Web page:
Welcome to Episode Nineteen of Lucretius Today.
I am your host Cassius, and together with my panelists from the EpicureanFriends.com forum, we’ll walk you through the six books of Lucretius’ poem, and discuss how Epicurean philosophy can apply to you today. Be aware that none of us are professional philosophers, and everyone here is a self-taught Epicurean. We encourage you to study Epicurus for yourself, and we suggest the best place to start is the book, “Epicurus and His Philosophy” by Canadian professor Norman DeWitt.
Before we start with today’s episode let me remind you of our three ground rules.
First: Our aim is to go back to the original text to bring you an accurate presentation of classical Epicurean philosophy as the ancient Epicureans understood it, not simply repeat for you what passes for conventional wisdom about Epicurus today.
Second: We won’t be talking about Epicurus from the point of view of modern political perspectives. Epicurus must be understood on his own, and not in terms of competitive schools which may seem similar to Epicurus, but are fundamentally different and incompatible, such as Stoicism, Humanism, Buddhism, Taoism, Atheism, and Marxism.
Third: We will be approaching Lucretius exactly as he intended, with the goal of understanding the fundamental nature of the universe as the essential base of Epicurean philosophy. From this perspective you will see that Epicurus taught neither the pursuit of luxury nor the pursuit of simple living, but the pursuit of pleasure, using feeling as the guide to life, and not supernatural gods, idealism, or virtue ethics. As important as anything else, Epicurus taught that there is no life after death, and that any happiness we will ever have must come in THIS life, which is why it is so important not to waste time in confusion.
Remember that our podcast home page is LucretiusToday.com, where you can download a free copy of the versions of the poem we are reading, and our home for discussion of Lucretius and all other aspects of Epicurean philosophy is Epicureanfriends.com
Now for today in this Episode 19, we will discuss how all things are not formed from tiny pieces of all things, which was the theory called “homoeomery” put forth by Anaxagorus.
Here is the text that will be covered in Episode Nineteen.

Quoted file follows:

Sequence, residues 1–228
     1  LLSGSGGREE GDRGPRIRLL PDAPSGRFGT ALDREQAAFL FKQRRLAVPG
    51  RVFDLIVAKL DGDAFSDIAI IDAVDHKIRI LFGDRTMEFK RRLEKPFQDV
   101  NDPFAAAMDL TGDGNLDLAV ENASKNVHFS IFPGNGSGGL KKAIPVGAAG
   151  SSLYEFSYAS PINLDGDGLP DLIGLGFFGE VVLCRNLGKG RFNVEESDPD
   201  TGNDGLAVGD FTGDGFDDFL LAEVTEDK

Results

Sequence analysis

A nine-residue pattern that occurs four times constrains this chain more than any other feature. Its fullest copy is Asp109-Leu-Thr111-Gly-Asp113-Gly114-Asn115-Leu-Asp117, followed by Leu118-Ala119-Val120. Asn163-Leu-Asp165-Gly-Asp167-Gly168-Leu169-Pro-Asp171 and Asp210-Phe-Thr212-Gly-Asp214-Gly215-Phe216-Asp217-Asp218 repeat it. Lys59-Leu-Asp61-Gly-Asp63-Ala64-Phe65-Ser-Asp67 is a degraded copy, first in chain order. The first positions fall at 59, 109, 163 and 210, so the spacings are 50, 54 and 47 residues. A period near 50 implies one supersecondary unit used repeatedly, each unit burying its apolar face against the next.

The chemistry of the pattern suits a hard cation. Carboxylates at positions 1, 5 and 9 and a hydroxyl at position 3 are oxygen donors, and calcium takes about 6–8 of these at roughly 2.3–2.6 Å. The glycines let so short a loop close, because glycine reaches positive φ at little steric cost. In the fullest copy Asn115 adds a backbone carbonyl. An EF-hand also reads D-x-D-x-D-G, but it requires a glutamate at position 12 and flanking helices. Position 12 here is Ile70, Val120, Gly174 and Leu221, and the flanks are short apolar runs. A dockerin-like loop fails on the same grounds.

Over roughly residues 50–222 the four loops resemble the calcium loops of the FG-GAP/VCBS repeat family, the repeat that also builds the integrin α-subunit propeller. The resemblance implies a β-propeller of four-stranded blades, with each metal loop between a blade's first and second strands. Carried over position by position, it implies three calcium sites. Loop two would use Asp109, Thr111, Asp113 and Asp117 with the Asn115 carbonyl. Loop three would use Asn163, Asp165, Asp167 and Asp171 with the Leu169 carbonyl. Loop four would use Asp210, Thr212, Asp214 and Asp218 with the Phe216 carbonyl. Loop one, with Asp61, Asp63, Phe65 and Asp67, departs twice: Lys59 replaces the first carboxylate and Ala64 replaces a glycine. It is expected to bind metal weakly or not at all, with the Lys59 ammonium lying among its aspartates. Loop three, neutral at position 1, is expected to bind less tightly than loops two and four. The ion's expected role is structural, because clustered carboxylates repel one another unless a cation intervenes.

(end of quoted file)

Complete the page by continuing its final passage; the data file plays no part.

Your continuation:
Daniel Brown 1743 Edition: Now, let us inquire into the homoeomery of Anaxagorus, the Greeks so call it, but the poverty of the Latin tongue will not allow us to express it; but yet, by a short periphrasis, we can explain that thing which he calls homoeomery, and makes the principle of bodies. For instance, bones proceed from small and little bones; and flesh is made of small and little bits of flesh; and blood is formed of many drops of blood flowing together; and gold, he thinks, consists of little grains of gold; and Earth grows firm by particles of earth; fire is made of fire; water from water springs; and all things else, he thinks, from causes such as these arise.  And yet this man in no case will allow in things a void, nor that there is an end to bodies being divided: he equally mistakes in both, and so do those sages spoken of before.  Besides, the seeds he chose are much too weak, if of the same frail nature they consist, as do the things themselves, they equally fall to decay, and perish, nothing hinders them from death: for which of these can long hold out against the fierce jaws of death, and so escape destruction, crushed between his very teeth? Can fire? Can air? Can water? Which of these? Can blood? Can bone? In my opinion – none. All things in nature then would be equally liable to death, as are such things we see before our eyes by any force destroyed. But this, I think, is fully proved before, that nothing can fall to nothing, or from nothing rise.  Besides, since food increases and supports the body, then we know the veins, the blood, the bones, consist of heterogeneous and parts dissimilar, as does our food. But if they say all food consists of parts various and mixed, and in itself contains the little strings of nerves and bones, and all the veins and parts of blood, then all dry meat and drink must needs consist of parts dissimilar, of bones, of nerves, of veins, and mingled blood.  Further, if all things which grow from the Earth are in the Earth contained, the earth must consist of parts dissimilar, as do those things from which the earth arise. Now change the theme, but keep the terms the same; in wood if flame and smoke, and ashes lay concealed, then wood must needs consist of parts of different frame.  But here a thin evasion seems to shake this argument a little; and Anaxagorus himself makes use of it: he thinks all things are mixed with all things and lie hid, but that one thing only appears, of which it most abounds, and on the surface lies; but this reply is vain, and wide from truth, for then the little grains of corn, when ground, would show some signs of blood, or of some other parts which form our bodies; and when we wear the stones, the blood would flow. By the like reason herbs would sweat sweet drops of liquor, so delightful to the taste as flow from dugs of woolly sheep, and clods of crumbled earth would show the various kinds of fruits and herbs, and leaves distinct and hid in smallest particles within the earth. And then, in wood divided, might be seen concealed ashes and smoke, and smallest parts of fire. But since experience shows nothing of this appears, we must conclude there’s no such mixture as this in things; but say, that common seeds of many things in various order joined, are mixed in every thing, and lie concealed.  But oft, you say, upon the mountain tops, the heads of lofty trees that grow together are by the violent blasts of forcing winds so rubbed by close collision that they soon are all on fire, and flames shine out. ‘Tis true, and yet there’s no actual fire within the wood, but many seeds of fire, which by hard rubbing ignite, and so the wood is all in flames. For if so much of fire had lain concealed within the wood, this fire would have appeared immediately, and so consumed the wood entirely, and burnt its root branches to the ground.  You see therefore of what concern it is, as we observed before, with what first principles those seeds are joined, and in what order placed, and what the motions are they give and take among themselves, and how the seeds remaining ever the same, but yet their order changed, produce a fire from wood; just as we write ignis and lignum, though quite different words, they are yet composed of letters much the same.  Lastly, if things most obvious to the sense, you think, cannot be formed unless you make their seeds consist of principles the same in nature, those principles would be destroyed; you’d see some seeds would shake their little sides with laughing, and some bedew their face with tears.  Now, what remains observe, attend me close. I know my theme is dark, but the great love of praise pricks on my heart with sharpest spurs, and strikes my soul at once with sweet desire of the most tuneful line; but this urged on, my mind in rapture, I haunt the Muses’ seats, of difficult access, and yet untrod. I love to approach the purest springs, and thence to draw large draughts. I love to crop fresh flowers, and make a noble garland for my head; from thence, where yet the Muses never bound another’s temples with a crown like mine. And first, I write of lofty things, and strive to free the mind from the severest bonds of what men call religion; then my verse I frame so clear, although my theme be dark, seasoning my lines with the poetic sweets of fancy, and reason justifies the method. For as the physicians, when they would prevail on children to take down a bitter draught of wormwood, first tinge the edges of the cup, that so the childrens’ unsuspecting age may be deceived, at least their lips, and take the bitter juice, thus harmlessly betrayed, but not abused, they have their health restored. So I, because this system seems severe and harsh, to such who have not yet discerned its truth, and the common herd are utterly averse to this philosophy, I thought it fit to show the rigid principles in verse smooth and alluring, and tinge them, as it were, with sweet poetic honey, thus to charm thy mind with my soft numbers, till you view the nature of all things clearly, and perceive the figure and order they display.